Sudan is one of the largest Gum Arabic producer, it provide 80% of the world’s production and trade, also it plays a crucial role in both economic and social life of the people, namely in the rural areas, many people depends on “Gum Arabic” as steady income beside its contribution to GDP of the country.
The government of Sudan has set plans and policies to promote Gum Arabic products; the land has been expanded, nearly 669,291 feddans was the covered land in 1996, the promotion included various phases, from planting to marketing “Over the years Sudan has developed a complete protocol of gum arabic husbandry from seed collection through nursery techniques, planting, tending, tapping, collection, cleaning, grading, processing and marketing” H.O. Abdel Nour has explained in his scientific research.
Gum Arabic concentrates on certain areas, here we can read how Abdel Nour has categorized the most Gum Arabic produced lands “Production of gum arabic is concentrated in the “gum belt” an area of central Sudan roughly between latitudes 10o and 14o North. Two areas outside these borders are in the north east (Faw-Gedared-Kassala) and in the south east along the Blue Nile/Upper Nile border.
The Gum belt’s gross area is estimated to cover 520,000 square kilometers, roughly one fifth of Sudan’s total area. It spans over the following states: Western Darfur, N. Darfur, S. Darfur, N. Kordofan, W. Kordofan, S. Kordofan, White Nile, , Sennar, Blue Nile and Gedaref. The belt covers parts of the clay and sandy plains”.
Edward B. Barbier, Colorado State University | CSU · Department of Economics has explained the economic importance of Gum Arabic in Sudan and how does the government improve it? “The economic and environmental benefits of gum arabic production in the Sudano-Sahelian zone appear attractive. However, the farm-level economics of gum arabic production is complex, and much more needs to be understood about the economic-environmental interactions determining farmers’ gum cropping. The following ideas explores these issues in Sudan through a crop profitability analysis of gum and other crops combined with financial and economic analyses of six representative gum arabic production systems. Although the returns from gum compare favourably with other crops in Sudan, essential investments by farmers in cultivating gum will depend on its real producer price being maintained and other incentives determining the relative profitability of gum”. While In October 1993, Omer A/El Karim El Wasila has participated in Regional Expert Consultation on non-wood Forest Products (NWFP) which was convened in Arusha, Tanzania to affirm that Sudan is largest Gum Arabic producer. “Sudan account for nearly 80% of the world production of gum arabic. It is the third largest export item from Sudan, after Cotton and Sorghum. The total production and its distribution between different producing areas have undergone changes (There is a notice declination in Kordofan, Darfur and Eastern State while the Central State is promising). The Gum Arabic company purchased all the quantities produced in the country. However, this is not the actual production. Some of the production is smuggled outside the country especially through Chad and Ethiopia due to the high international; prices in comparison to what is paid to the merchants, hence smuggling is extremely profitable.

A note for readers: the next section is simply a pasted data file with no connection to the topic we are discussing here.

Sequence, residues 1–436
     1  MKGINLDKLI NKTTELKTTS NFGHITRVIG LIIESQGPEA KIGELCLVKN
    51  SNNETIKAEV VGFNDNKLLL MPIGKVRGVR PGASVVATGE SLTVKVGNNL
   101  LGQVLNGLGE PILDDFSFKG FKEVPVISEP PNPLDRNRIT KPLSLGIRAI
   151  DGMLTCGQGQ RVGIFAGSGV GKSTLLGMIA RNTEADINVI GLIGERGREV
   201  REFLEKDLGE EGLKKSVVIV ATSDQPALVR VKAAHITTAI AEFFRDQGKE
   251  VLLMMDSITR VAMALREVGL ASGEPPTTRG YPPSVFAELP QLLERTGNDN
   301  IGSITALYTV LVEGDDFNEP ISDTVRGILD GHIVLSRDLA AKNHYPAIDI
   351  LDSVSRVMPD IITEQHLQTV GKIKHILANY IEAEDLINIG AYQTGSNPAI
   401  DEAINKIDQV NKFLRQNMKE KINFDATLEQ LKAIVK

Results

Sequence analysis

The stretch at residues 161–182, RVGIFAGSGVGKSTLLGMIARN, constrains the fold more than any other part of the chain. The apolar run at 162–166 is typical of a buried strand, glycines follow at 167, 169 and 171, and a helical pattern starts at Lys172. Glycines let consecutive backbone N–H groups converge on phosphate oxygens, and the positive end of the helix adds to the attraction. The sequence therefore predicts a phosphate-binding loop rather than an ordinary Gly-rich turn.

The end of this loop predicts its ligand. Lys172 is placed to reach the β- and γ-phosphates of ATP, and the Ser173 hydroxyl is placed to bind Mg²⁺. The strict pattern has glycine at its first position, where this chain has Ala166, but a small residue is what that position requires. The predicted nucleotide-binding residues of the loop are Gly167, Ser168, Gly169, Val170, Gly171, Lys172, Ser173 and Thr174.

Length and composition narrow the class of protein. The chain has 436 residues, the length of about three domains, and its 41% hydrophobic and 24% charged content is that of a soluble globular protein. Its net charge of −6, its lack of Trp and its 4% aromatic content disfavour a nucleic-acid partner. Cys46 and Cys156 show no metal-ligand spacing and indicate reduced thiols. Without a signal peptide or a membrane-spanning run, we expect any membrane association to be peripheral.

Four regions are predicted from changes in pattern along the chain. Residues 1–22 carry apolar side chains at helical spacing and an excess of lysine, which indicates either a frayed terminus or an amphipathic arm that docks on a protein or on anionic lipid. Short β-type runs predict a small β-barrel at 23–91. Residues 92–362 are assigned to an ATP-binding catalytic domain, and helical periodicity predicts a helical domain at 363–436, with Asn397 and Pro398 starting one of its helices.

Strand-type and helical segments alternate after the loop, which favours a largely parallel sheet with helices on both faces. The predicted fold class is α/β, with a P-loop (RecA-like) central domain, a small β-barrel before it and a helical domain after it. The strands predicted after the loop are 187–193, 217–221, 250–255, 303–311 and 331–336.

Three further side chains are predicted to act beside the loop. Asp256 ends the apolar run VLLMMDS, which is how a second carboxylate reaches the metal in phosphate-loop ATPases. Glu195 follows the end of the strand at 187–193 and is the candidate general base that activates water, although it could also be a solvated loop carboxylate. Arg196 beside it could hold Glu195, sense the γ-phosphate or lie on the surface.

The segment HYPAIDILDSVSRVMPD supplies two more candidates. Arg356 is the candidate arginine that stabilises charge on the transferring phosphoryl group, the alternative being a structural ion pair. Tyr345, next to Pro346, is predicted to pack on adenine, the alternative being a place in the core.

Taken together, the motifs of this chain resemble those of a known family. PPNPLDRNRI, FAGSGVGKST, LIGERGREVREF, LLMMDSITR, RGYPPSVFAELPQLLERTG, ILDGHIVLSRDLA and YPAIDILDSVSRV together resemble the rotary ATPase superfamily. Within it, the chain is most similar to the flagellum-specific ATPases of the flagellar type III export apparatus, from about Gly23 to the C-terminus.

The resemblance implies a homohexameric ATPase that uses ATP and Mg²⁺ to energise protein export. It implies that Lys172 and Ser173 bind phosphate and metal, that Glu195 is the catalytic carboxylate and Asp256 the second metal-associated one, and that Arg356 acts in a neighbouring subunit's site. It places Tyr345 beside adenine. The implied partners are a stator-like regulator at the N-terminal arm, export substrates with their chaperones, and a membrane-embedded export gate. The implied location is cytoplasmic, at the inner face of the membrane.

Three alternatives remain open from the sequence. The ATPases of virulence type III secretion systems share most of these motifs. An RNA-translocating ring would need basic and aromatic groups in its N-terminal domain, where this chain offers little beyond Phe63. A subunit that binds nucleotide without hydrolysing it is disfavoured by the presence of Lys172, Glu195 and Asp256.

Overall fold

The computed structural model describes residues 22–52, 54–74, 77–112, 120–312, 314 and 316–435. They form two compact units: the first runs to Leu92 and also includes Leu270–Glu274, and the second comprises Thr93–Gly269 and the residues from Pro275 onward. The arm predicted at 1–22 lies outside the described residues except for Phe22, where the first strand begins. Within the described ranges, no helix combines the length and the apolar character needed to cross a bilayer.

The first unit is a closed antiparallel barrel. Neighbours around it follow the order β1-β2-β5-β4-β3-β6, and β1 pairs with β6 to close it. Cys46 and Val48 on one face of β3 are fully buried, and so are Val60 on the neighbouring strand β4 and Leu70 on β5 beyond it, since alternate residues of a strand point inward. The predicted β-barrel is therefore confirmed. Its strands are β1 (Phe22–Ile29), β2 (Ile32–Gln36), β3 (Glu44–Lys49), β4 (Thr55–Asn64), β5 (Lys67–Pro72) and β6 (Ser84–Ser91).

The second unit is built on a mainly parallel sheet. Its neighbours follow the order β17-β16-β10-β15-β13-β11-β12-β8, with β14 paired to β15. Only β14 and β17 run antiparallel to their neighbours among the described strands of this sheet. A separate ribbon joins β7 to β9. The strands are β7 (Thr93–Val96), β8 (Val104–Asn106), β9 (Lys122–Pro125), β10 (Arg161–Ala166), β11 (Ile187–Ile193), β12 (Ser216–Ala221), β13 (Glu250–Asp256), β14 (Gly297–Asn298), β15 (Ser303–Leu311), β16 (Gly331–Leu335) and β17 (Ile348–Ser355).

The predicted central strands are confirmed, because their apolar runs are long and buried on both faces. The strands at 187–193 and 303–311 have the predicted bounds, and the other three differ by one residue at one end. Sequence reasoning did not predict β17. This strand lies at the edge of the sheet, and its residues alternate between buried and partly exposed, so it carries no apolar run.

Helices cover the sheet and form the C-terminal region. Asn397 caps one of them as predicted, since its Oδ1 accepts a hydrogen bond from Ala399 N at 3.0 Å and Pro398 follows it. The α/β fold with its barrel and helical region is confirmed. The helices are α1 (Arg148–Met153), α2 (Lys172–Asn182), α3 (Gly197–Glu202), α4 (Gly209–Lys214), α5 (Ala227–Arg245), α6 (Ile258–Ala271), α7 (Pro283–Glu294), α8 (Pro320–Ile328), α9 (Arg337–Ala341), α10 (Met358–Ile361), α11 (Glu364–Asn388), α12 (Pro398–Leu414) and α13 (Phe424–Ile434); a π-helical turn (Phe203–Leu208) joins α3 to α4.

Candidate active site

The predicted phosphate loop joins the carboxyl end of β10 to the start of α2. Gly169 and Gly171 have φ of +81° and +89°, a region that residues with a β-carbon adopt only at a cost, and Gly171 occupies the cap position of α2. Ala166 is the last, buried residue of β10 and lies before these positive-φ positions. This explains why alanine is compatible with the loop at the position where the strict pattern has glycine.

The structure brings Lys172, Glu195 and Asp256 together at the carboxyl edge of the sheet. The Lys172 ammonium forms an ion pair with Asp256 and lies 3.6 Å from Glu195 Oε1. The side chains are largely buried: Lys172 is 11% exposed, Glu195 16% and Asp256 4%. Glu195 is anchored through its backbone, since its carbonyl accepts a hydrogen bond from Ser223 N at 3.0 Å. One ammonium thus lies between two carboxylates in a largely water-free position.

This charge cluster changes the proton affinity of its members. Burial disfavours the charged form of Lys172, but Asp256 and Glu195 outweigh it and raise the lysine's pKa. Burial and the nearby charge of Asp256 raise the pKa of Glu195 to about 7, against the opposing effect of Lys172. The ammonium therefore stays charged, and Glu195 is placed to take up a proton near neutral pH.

Another type of gum produced from Acacia seyal is closely linked to the production of hashab gum (Acacia senegal) when production of hashab gum is high neither the producer nor the gum arabic company are interested in the collection of Talh gum when there is a short fall in production, farmers are started to collect Talh to substitute the loss in hashab although its prices are cheap.
The species which are commercially tapped are Acacia senegal (Hashab), Acacia seyal (Talh) and Boswellia papyrifera (gafal) or Tarag Tarag. 90% of the gum exported from Sudan is hashab. Also there is potential for Sterculia setigera (Tartar or Karaya) in world markets.
Gum Arabic is also a significant source of cash income for the peasant communities occupying the gum belt. Population estimates are highly uncertain, but table 1.1 shows that the areas of Kordofan, Darfur, Eastern and Central States accounts for some 10 million people, with perhaps 2.8 million people living in the gum belt”.